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16226: (Hermantin) Palm Beach Post-Haitian council chief says conscience guided her (fwd)
From: leonie hermantin <email@example.com>
Saturday, July 26
Haitian council chief says conscience guided her
By Gariot Louima, Palm Beach Post Staff Writer
Saturday, July 26, 2003
For the first time since her ethics came into question, Daniella Henry sat
back, nodded her head and answered yes.
The beleaguered executive director of the Haitian American Community Council
denies that she ever charged clients for services or had ever been in a
nepotistic relationship with former employee Gethro Louis-Jean, with whom
she owned a house.
But, yes, she conceded Friday, she'd placed a client in a house partly owned
by her mother.
West Palm Beach officials have been investigating allegations that Henry
helped family and friends become landlords in a program that provides rent
money for AIDS patients. The findings of the city's review are expected to
be released Monday.
The city, through the federal Housing Opportunities for People With AIDS
program, gives the Haitian council money to pay rent for AIDS patients.
Henry said she felt compelled to place a female client enrolled in the
program in a house co-owned by her mother, Germaine Filsaime. The woman has
three teenage daughters, and Henry said she decided the family would be
safer there than in a house owned by the the Haitian council and reserved
for people in the AIDS housing program.
"The only other place to put that woman and her children was the HOPWA
House," Henry said. "Only men live in that house, and they are still very
(sexually) active. If I put that woman in there with her daughters and
something happened to them, it would be on my conscience."
This year, Andre Arnaud, who co-owned the house with Filsaime, received
$3,750 through the housing program. In February, the two sold the house to
Charles Watson, who has received $2,250 in rent through the housing program,
Over the years, the Haitian American Community Council has emerged as one of
the largest social service agencies for Haitian immigrants in Palm Beach
County. Henry, as its founder and director, is arguably the most powerful
Haitian activist in the community. She and the agency have been credited
with helping thousands assimilate in America.
In recent months, however, Henry and other managers at the Delray Beach
agency have spent many hours arranging documents for investigators.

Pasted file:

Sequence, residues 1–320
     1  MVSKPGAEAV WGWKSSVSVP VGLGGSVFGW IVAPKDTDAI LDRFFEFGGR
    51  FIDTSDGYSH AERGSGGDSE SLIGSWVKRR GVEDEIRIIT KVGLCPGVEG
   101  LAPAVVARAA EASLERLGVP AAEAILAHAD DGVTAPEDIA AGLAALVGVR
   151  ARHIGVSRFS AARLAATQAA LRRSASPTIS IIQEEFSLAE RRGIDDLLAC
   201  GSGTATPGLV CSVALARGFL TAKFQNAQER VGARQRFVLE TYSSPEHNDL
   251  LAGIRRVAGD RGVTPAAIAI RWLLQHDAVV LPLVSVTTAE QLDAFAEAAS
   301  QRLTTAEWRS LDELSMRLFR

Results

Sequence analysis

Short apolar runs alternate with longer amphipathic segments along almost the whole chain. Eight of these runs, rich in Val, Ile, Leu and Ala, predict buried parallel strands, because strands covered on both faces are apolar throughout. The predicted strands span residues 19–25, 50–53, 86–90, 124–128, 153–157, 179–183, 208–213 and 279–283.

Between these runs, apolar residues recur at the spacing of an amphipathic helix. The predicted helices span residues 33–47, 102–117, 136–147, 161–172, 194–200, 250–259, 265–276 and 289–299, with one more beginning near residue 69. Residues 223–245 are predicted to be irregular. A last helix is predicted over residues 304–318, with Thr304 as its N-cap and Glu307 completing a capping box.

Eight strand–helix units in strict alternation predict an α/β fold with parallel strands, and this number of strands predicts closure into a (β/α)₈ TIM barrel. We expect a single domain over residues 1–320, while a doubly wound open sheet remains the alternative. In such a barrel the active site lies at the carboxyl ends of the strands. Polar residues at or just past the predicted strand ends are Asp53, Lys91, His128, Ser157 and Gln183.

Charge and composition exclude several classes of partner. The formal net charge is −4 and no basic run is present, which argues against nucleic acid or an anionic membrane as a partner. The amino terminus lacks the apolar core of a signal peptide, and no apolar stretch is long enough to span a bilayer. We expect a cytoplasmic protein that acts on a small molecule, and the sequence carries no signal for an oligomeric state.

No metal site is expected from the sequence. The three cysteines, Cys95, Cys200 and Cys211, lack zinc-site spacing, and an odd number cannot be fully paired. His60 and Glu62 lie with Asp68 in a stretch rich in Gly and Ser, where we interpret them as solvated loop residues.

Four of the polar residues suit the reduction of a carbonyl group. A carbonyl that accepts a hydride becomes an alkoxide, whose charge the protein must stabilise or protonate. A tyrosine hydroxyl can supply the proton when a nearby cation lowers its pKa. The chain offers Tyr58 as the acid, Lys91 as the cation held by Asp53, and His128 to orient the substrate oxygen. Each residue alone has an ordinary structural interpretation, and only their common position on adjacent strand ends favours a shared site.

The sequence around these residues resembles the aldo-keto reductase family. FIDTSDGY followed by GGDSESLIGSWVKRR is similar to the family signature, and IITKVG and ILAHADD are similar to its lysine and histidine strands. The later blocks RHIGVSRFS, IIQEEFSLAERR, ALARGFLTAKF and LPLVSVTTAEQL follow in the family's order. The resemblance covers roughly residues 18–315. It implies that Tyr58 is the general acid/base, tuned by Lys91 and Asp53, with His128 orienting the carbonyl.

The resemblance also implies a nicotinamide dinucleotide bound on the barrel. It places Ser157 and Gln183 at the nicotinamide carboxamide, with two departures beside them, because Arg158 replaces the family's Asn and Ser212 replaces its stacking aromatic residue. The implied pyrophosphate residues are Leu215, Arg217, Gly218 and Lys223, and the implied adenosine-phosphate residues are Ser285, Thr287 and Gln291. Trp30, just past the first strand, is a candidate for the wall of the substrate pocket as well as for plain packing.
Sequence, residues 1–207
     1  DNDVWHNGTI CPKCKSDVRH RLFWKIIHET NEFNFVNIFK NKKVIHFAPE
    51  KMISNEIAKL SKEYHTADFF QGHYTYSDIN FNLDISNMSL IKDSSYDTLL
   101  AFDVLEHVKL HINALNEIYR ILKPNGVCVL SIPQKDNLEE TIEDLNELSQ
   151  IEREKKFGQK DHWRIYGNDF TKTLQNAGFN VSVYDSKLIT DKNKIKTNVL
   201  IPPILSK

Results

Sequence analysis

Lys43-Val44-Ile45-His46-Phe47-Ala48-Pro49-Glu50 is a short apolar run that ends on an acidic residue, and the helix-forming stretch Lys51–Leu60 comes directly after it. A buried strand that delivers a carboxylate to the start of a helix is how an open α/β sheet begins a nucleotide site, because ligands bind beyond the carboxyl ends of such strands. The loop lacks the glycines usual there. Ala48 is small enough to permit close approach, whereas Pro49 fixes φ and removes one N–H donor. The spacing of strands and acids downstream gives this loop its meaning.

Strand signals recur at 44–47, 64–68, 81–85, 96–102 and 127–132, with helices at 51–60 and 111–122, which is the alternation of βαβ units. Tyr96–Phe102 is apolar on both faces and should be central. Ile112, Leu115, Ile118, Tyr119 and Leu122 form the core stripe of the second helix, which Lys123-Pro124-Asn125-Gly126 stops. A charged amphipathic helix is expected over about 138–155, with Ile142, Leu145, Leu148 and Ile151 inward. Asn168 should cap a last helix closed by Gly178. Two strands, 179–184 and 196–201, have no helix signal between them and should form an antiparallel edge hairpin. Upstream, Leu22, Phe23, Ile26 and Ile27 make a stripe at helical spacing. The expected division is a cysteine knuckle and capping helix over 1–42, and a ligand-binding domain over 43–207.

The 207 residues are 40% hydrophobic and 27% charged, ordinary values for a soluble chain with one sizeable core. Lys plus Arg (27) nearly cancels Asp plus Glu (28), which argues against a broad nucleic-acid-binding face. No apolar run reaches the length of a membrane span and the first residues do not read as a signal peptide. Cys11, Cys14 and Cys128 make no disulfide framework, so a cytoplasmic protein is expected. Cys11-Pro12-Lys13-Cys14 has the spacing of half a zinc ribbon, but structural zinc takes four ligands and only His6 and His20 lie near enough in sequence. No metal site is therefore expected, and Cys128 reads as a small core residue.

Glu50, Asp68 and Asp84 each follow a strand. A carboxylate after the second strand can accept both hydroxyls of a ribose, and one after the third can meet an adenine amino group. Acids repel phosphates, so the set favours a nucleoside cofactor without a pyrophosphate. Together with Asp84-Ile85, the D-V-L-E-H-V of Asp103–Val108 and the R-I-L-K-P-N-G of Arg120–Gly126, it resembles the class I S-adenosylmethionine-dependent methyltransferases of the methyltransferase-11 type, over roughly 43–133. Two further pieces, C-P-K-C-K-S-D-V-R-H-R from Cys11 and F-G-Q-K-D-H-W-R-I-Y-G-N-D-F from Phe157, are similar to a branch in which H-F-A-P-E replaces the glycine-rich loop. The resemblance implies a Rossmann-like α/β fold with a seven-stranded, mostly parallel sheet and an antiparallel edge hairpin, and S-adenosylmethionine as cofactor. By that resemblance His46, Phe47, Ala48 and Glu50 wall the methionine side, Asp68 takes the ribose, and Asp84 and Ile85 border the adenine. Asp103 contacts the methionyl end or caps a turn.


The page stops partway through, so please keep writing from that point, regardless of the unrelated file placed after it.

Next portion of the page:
In June, the county's Department of Community Services called the Haitian
council's board of directors ineffective and untrained, and said some
programs offered by the council weren't properly managed and required
serious technical assistance to meet their goals.
The Children's Services Council offered a similar critique. Officials
worried that programs offered by the decade-old agency would suffer after
the dismissal of three employees, including the deputy director, Karlie
Richardson. A Children's Services Council report said Richardson was fired
following an internal dispute that stemmed from a "nepotistic relationship"
Henry had with Louis-Jean.
The Children's Services Council and the county instructed Henry to fix the
problems within the organization. Sharon Nangle, a county monitor, said the
county might hire interpreters to interview present and former clients of
the Haitian American Community Council to determine whether they were
improperly charged for services.
Despite its problems, the council was notified this month that it could
receive $140,000 from the county next year. While that number represents a
$13,495 reduction from this year's allocation, Henry said she believes it is
proof of the council's importance.
"Who else will do the work we're doing?" she asked Friday, sitting on a red
sofa in her corner office. On a wooden coffee table is a book that Henry
said a friend had given her, The Disease to Please. Her desire to help
people, she said while pointing to the book, is what's gotten her in
trouble, she said.
"I work with what's in my heart before I go and do all the paperwork or all
the filing," she said. "I can't just see people in need of help and not do
Nangle, the monitor, said Henry and her staff have been responsive to county
concerns so far. They seem to be moving forward in an effort to meet their
contract goals, Nangle said, and members of the board of directors are
getting the needed training.
Her only concern is that the council still has not hired a manager to
oversee the immigration services program. Richardson, the fired deputy
director, had supervised that program.
"I think maybe it will all come out better," board President Carolyn
Meanwhile, Richardson and former Haitian American Community Council employee
Marie Yves Snizek are forming their own nonprofit agency to serve Haitian
immigrants, Snizek confirmed Friday. She declined to discuss the services
the group would offer because nothing has been finalized. Richardson could
not be reached for comment.
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